AWS Security Profile: Param Sharma, Principal Software Engineer

In the weeks leading up to AWS re:Invent 2022, I’m interviewing some of the humans who work in AWS Security, help keep our customers safe and secure, and also happen to be speaking at re:Invent. This interview is with Param Sharma, principal software engineer for AWS Private Certificate Authority (AWS Private CA). AWS Private CA enables you to create private certificate authority (CA) hierarchies, including root and subordinate CAs, without the investment and maintenance costs of operating an on-premises CA.

How long have you been at AWS and what do you do in your current role?

I’ve been here for more than eight years—I joined AWS in July 2014, working in AWS Security. These days, I work on public key infrastructure (PKI) and cryptography, focusing on products like AWS Certificate Manager (ACM) and AWS Private CA.

How did you get started in the world of security, specifically cryptography?

I had a very short stint with crypto during my university days—I presented a paper on steganography and cryptography back in 2002 or 2003. Security has been an integral part of developing and deploying large-scale web applications, which I’ve done throughout my career. But security took center stage in 2014 when I heard from an AWS recruiter about a new service being built that would make certificates easier. I had no clue what that service was, since it was confidential and hadn’t been launched yet, but it brought cryptography back into my life. I started working on this brand-new service, AWS Certificate Manager. I designed the operational security aspect of it and worked to make sure it could be used by millions of our customers and could be available and secure at the same time. I was the second person hired on the ACM team, and since then the team has grown significantly.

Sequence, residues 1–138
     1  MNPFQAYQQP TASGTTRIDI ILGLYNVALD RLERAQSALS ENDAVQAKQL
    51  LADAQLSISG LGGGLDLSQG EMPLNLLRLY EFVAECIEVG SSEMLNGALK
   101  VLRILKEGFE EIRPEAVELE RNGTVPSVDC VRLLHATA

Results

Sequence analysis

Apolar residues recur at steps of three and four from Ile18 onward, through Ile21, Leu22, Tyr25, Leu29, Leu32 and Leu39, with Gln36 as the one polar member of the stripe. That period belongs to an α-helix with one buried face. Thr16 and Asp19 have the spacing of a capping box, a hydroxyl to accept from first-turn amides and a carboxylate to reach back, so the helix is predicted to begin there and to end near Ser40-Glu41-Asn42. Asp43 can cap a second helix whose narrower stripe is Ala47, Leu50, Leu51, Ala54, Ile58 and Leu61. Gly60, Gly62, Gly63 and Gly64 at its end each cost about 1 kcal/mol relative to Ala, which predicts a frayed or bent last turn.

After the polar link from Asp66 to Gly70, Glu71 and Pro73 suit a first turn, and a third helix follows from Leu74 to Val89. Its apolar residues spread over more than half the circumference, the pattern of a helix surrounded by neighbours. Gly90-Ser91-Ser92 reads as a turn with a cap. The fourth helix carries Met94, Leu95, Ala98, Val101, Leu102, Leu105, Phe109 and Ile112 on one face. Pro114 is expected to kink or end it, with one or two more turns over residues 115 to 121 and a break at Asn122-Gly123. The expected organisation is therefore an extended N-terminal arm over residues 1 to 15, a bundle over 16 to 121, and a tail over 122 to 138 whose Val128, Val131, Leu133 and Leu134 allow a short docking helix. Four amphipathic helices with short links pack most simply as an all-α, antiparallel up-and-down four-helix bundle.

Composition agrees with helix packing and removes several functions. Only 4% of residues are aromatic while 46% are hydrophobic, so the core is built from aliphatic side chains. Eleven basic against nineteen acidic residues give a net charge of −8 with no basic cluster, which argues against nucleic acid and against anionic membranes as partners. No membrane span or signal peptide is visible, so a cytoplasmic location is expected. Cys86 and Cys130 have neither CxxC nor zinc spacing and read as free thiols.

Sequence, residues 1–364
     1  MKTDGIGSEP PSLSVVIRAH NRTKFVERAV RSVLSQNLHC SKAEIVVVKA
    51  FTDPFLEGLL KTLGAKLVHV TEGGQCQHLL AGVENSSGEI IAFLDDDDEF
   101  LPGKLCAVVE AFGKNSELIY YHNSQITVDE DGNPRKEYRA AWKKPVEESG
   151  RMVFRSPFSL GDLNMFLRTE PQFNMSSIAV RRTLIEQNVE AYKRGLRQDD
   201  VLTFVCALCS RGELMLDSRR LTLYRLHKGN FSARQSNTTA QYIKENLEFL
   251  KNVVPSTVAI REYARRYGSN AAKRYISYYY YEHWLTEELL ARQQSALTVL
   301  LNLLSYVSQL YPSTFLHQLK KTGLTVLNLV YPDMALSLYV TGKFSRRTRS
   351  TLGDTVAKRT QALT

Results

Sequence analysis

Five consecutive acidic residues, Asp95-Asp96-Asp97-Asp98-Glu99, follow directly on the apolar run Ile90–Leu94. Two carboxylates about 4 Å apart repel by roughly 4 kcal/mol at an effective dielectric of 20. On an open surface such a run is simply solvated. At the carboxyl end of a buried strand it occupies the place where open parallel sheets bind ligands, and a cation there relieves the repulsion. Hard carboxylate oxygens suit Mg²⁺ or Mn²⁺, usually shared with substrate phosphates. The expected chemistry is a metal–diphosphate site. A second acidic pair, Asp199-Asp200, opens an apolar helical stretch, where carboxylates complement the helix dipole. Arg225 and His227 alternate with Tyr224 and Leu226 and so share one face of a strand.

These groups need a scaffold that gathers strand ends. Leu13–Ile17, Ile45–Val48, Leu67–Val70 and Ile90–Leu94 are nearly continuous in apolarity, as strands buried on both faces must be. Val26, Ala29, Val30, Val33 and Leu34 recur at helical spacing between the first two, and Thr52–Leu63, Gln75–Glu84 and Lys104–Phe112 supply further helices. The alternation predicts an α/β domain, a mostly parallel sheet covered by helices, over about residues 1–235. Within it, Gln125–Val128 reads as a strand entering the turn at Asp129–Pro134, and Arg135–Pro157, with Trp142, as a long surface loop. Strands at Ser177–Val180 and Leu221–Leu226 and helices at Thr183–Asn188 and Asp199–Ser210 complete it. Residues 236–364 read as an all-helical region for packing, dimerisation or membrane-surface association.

What was the most surprising or interesting thing you’ve worked on in your time at AWS?

It might not be surprising, but certainly interesting to me: I was the first engineer to be hired on the AWS Private CA team and I started studying the problem of how certificate authorities would work in the cloud. I had to think about how the customer experience would look, the service architecture design, the operational side of things like availability and security of customer data. Doing a 360-degree review of the service and writing the design document for a service that was eventually deployed in a multitude of AWS Regions was one of the most interesting things I have worked on at AWS. It continues to be an interesting challenge as we add new features—which tend to be like smaller AWS services in their own right even though they are features of AWS Private CA.

How do you explain to customers how to use AWS Private CA?

I start by explaining what a private certificate is. A private certificate provides a flexible way to identify almost anything in an organization without disclosing the name publicly. With AWS Private CA, AWS takes care of the undifferentiated heavy lifting involved in operating a private CA. We provide security configuration, management, and monitoring of highly available private CAs. The service also helps organizations avoid spending money on servers, hardware security modules (HSMs), operations, personnel, infrastructure, software training, and maintenance. Maintaining PKI administrators, for example, can cost hundreds or thousands of dollars per year. AWS Private CA simplifies the process of creating and managing these private CAs and certificates that are used to identify resources and provide a basis for trusted identity in communications.

In your opinion, what is the coolest feature of AWS Private CA?

That’s going to be really hard to pick! To me, the coolest feature is root CA, which gives customers the ability to create and manage root CAs in the cloud. Root CAs are used to create subordinate CAs for issuing identity certificates. And these private CAs can be used to identify resources in a private network within an organization. You can use these private certs on application services, devices, or even for identifying users for identity certificates.

AWS Private CA has evolved since its launch in 2018. What are some of the new ways you see customers using the service?